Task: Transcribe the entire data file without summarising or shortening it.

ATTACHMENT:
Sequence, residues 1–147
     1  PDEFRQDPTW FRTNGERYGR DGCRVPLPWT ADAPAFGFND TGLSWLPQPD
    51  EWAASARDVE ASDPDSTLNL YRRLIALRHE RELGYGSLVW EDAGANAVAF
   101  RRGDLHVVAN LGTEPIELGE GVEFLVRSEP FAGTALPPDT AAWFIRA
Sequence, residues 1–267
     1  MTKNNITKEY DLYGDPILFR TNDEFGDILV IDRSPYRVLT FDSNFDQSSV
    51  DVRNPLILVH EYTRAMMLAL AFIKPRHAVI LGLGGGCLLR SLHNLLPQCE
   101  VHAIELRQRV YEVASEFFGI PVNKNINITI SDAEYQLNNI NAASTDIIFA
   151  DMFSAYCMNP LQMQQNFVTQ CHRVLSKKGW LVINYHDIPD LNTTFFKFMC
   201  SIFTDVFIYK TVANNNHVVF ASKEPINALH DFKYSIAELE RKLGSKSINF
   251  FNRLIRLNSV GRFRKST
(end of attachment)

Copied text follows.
Sequence, residues 1–147
     1  PDEFRQDPTW FRTNGERYGR DGCRVPLPWT ADAPAFGFND TGLSWLPQPD
    51  EWAASARDVE ASDPDSTLNL YRRLIALRHE RELGYGSLVW EDAGANAVAF
   101  RRGDLHVVAN LGTEPIELGE GVEFLVRSEP FAGTALPPDT AAWFIRA
Sequence, residues 1–267
     1  MTKNNITKEY DLYGDPILFR TNDEFGDILV IDRSPYRVLT FDSNFDQSSV
    51  DVRNPLILVH EYTRAMMLAL AFIKPRHAVI LGLGGGCLLR SLHNLLPQCE
   101  VHAIELRQRV YEVASEFFGI PVNKNINITI SDAEYQLNNI NAASTDIIFA
   151  DMFSAYCMNP LQMQQNFVTQ CHRVLSKKGW LVINYHDIPD LNTTFFKFMC
   201  SIFTDVFIYK TVANNNHVVF ASKEPINALH DFKYSIAELE RKLGSKSINF
   251  FNRLIRLNSV GRFRKST